The Peterborough Psalter

England, Peterborough
c. 1220-1225
MS 12

Specific features of the liturgical texts and the depiction of an abbot in one of the historiated initials show that the manuscript was made for the Benedictine Abbey of Peterborough in the 1220s. Highly burnished gold grounds and crisp black outlines set off the artfully applied colours, ranging from locally sourced organic yellows to imported ultramarine.

Learn more about the manuscript by exploring the sections below or selecting folios on the right. Discover further details by choosing any of the folios with the hotspot symbol .

The main artist, though anonymous like many of his contemporaries, was one of the most accomplished English illuminators of the early 13th century. He painted the 2 full-page images, the 4 historiated initials and probably the 3 large foliate initials in gold and richly saturated colours, which mark the main textual divisions. Skilled assistants would have executed the remaining ornamental initials, which are painted in a different style and in a more modest range of hues.



The manuscript was commissioned after 1220 by an abbot of Peterborough who is depicted in the initial for Psalm 101 (fol. 139v). Richard, VII Viscount Fitzwilliam of Merrion (1745-1816), acquired the manuscript in 1808 and bequeathed it to the Fitzwilliam Museum in 1816.


The manuscript contains the standard texts found in early Gothic Psalters. The 150 Psalms of the Old Testament are prefaced by a Calendar, which begins and ends with related tables, and a circular diagram (rota) used to calculate the date of Easter. The Calendar has burnished gold initials, but contains no figural decoration. After the Psalms come the biblical Canticles, the Litany and the Office of the Dead. A full-page miniature of the Crucifixion precedes the Psalter, which is divided into 10 sections for daily readings. Psalm 1 opens with a full-page initial, and 4 other Psalms marking the major text divisions have large, historiated initials. Three other ‘division’ Psalms are introduced by large, fully illuminated initials with foliate ornament. Due to the loss of folios, the large initials that would have marked Psalms 68 and 97 are missing. Red and blue penwork initials filled with foliate ornament in multicoloured washes with occasional touches of gold mark some remaining major text divisions in the Psalms, Canticles and Office of the Dead. Other major text divisions are signalled by red and blue penwork initials filled with scrolling patterns in the contrasting colour. Small red and blue penwork initials mark minor text divisions throughout the manuscript.

The colour scheme and palette are fairly homogeneous across the manuscript. Carbon black, lead white, red lead, ultramarine blue and verdigris were used on every page. An organic yellow was applied over either lead white or chalk in several different folios. Red organic dyes, likely extracted from insects, provided pink hues when mixed with gypsum, chalk and lead white. Gold leaf was used extensively, while silver was identified only on fol. 159r, where it has degraded. Some differences were observed between the two full-page illuminations (fols. 12r, 12v) and the rest of the decoration.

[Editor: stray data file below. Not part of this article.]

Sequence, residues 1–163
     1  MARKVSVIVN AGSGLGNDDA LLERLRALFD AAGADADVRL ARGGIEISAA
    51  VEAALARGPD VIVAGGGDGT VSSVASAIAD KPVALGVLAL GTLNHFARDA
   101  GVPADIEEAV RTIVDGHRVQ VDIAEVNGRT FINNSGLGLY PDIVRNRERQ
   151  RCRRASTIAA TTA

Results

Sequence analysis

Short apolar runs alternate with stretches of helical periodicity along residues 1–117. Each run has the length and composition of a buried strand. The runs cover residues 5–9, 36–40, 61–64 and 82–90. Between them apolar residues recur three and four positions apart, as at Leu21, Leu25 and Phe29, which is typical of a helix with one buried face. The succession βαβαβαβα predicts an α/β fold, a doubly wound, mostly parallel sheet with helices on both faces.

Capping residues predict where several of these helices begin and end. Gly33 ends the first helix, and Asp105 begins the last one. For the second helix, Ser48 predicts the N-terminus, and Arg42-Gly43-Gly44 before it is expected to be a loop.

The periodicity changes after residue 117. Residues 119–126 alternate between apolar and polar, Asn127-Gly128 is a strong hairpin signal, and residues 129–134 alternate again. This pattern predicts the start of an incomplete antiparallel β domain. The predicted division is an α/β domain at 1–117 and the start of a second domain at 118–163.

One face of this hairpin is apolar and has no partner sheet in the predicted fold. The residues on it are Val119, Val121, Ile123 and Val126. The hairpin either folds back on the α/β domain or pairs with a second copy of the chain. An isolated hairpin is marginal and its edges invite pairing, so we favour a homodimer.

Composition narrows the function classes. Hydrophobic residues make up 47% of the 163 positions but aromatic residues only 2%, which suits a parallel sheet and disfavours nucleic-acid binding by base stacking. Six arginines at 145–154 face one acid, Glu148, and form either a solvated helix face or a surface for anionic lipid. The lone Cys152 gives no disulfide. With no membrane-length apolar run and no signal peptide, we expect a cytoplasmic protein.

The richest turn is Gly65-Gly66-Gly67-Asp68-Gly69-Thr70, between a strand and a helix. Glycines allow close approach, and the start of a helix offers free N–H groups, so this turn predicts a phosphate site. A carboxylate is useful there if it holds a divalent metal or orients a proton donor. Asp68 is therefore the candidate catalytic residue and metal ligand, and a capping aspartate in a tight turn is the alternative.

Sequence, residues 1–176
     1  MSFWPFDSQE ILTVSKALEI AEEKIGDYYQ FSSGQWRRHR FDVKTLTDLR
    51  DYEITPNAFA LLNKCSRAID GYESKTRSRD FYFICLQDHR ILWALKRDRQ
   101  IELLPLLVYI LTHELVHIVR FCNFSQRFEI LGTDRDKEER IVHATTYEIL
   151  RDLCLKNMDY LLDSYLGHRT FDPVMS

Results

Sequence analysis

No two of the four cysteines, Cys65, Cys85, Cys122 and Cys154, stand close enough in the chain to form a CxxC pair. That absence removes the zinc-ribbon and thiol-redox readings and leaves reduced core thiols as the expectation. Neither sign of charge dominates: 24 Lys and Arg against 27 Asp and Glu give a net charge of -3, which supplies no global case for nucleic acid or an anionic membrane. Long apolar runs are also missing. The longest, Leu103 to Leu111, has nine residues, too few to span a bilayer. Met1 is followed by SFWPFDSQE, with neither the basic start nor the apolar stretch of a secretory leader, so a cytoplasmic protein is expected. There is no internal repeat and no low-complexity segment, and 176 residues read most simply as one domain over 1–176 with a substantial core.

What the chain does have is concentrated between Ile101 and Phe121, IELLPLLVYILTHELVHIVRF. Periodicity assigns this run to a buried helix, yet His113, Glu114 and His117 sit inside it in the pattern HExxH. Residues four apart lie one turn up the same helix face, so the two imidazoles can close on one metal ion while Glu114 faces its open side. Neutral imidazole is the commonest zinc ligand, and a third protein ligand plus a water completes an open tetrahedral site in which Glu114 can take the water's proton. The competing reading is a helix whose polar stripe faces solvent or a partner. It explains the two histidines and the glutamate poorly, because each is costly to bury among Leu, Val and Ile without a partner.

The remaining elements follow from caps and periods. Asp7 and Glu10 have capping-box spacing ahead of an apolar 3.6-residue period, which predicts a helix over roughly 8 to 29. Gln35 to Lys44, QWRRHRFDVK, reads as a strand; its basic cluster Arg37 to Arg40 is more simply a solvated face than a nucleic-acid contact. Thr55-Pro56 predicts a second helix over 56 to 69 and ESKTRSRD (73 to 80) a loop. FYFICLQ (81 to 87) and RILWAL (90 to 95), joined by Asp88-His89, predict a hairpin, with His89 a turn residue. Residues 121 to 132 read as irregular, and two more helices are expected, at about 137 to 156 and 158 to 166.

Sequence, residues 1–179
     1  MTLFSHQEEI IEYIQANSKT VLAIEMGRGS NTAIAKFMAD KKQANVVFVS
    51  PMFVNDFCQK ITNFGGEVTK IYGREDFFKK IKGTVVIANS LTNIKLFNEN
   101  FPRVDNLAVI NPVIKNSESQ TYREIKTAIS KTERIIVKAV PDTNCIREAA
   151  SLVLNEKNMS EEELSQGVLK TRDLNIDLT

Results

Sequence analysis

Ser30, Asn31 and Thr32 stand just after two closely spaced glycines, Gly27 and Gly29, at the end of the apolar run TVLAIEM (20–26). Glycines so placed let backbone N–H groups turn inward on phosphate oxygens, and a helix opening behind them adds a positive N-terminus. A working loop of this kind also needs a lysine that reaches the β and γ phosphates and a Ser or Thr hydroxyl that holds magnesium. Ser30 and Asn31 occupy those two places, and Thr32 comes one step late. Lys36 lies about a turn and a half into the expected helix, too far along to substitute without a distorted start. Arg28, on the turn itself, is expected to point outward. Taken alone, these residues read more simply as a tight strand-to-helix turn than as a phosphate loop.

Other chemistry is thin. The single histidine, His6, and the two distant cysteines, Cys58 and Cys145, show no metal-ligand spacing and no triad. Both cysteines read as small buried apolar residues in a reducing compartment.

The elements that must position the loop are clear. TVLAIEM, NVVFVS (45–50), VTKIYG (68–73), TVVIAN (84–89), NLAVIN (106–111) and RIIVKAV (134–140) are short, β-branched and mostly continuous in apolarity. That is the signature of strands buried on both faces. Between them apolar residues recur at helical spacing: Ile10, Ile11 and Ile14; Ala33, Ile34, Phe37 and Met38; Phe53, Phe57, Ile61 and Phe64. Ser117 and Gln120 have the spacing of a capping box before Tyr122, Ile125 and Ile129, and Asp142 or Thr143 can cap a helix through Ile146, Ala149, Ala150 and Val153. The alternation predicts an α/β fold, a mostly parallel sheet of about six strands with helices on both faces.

Lightbox: 9
Detail of the green cross under magnification (25x) and (below) FORS spectrum showing the characteristic features of verdigris (steep rise in reflectance 700-1400 nm, absorbance maximum around 706 nm)
Lightbox: 11
Detail of the Virgin’s mantle under magnification (20x). The craquelure in the yellow area is characteristic of organic materials, which strongly suggests that the pigment is a yellow dye.
Lightbox: 12
Detail of Christ’s face under magnification (20x). Highlights are created with thick brushstrokes of lead white along the nose and eyelids. Vermilion is used on the cheeks and lips and a light wash of an earth pigment indicates shadows.
Lightbox: 13
Detail of the sun under magnification (20x), where vermilion provides bright red highlights over an orange base layer painted with red lead, as proved by the presence of both mercury (Hg) and lead (Pb) in the XRF spectrum below.

The style of the Crucifixion supports a date for the manuscript in the early 1220s. Christ's slender torso, which curves gracefully to one side, breaking the symmetry of the composition, reflects new artistic ideas surfacing at that time. The single nail that pins Christ's overlapping feet is another new motif that gradually replaced the custom of showing two nails, one for each foot.

The pigment used for the green cross is verdigris, a copper-based pigment that appears dark in the infrared image. Green crosses, some plain and others formed of rough timber beams or branches, appear in Crucifixion scenes from the 11th century onwards. Artists used the colour to link the cross with the Tree of Life in the Garden of Eden as described in Genesis. Eating the fruit of the Tree of Life guaranteed eternal life, a promise matched by Christ's atoning death and resurrection, which, according to Christian theology, offered redemption and immortality to humanity.

The Virgin's pink mantle is painted with an insect-based organic dye, highlighted with lead white and decorated with red lead and lead white dots. The inner part of the folds were coloured with an organic yellow glaze over lead white. The draperies are defined with thick carbon black outlines (hotspot 2). The tunic is modelled with different shades of blue obtained by mixing ultramarine and lead white in different proportions, which are juxtaposed and separated by black outlines.

Flesh tones are modelled with a light pink mixture of lead white and an earth pigment. Vermilion and lead white provide highlights and a light brown earth pigment is used in the shadows. Facial features, hair and beard are defined with brushstrokes of brown ink (hotspot 3).